The Strategy Game as Digital Humanities Document, Part III
The actual forms of interaction between the elements of a game are, for the most part, the realm of the designer. A player can only be interactive within a gameworld, in whatever manner made available in the creation of the software. While this has changed in recent times with open-source gaming as well as toolsets for modifying proprietary games, the most common experience of a player will be the game as envisioned by the designer. “Civilization is an engrossing game, but it uses some very old anthropoligical ideas… notions that societies tend to develop along technological lines of descent… nineteenth-century view of social politics, where different cultures are merely variations on a theme that naturally seem to evolve toward the European and Western.” The end result of highly-engineered games can, surprisingly, be highly-limited worldviews.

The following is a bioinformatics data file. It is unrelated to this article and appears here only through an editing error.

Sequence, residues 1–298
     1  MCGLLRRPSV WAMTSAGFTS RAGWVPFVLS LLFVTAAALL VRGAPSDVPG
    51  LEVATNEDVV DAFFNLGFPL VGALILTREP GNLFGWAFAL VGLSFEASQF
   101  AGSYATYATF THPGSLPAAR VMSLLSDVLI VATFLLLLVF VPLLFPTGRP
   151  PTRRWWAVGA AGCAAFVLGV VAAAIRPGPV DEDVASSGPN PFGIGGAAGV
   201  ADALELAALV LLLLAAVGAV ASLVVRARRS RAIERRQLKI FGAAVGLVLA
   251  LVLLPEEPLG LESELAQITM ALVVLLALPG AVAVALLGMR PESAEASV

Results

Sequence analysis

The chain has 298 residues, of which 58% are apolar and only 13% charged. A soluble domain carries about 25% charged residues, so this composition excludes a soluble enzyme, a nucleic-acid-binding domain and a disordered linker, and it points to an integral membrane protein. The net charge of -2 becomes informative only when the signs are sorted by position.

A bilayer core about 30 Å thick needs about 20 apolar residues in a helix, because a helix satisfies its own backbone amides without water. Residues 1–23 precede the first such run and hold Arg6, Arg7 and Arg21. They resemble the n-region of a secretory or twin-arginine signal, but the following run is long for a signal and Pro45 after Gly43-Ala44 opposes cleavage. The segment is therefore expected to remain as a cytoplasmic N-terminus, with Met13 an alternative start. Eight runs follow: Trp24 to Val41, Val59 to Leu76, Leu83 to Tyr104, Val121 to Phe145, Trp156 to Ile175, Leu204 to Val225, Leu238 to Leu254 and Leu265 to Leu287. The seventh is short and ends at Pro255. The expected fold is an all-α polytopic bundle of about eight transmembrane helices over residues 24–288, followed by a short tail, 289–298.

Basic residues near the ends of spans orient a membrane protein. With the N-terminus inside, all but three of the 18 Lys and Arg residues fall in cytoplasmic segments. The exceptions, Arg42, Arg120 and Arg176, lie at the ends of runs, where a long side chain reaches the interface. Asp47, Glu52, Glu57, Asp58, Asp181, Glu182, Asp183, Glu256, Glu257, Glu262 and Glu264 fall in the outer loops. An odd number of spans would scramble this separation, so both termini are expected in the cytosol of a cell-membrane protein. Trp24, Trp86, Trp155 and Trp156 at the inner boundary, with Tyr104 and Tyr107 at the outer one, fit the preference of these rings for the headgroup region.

In comparison, “Bunten’s philosophy was that complex games could be based on surprisingly few rules” and Seven Cities still, in its simplicity, provides much more opportunity for the player to influence the dialectic, and therefore produce more varied synthetic worldviews. Wilson acknowledges the importance of this even in the modern, multi-billion dollar game industry: “the withdrawal to low-cost development brings aesthetic and commercial constraints and opportunities”. It may be an issue of semiotic flexibility, wherein the relatively low level of symbols but high level of manipulability allows for more interaction, thus “integrating the meta-theoretical functions within the discourse itself”. All games are, by definition, autopoietic—meaning that they affect themselves through use. But the allopoietic / autopoietic dichotomy should be viewed as a spectrum and not a binary situation, and the strategy game is more than simply syntactically autopoietic, but is actually semantically autopoietic, allowing for the user to make meaningful, dynamic changes within the document.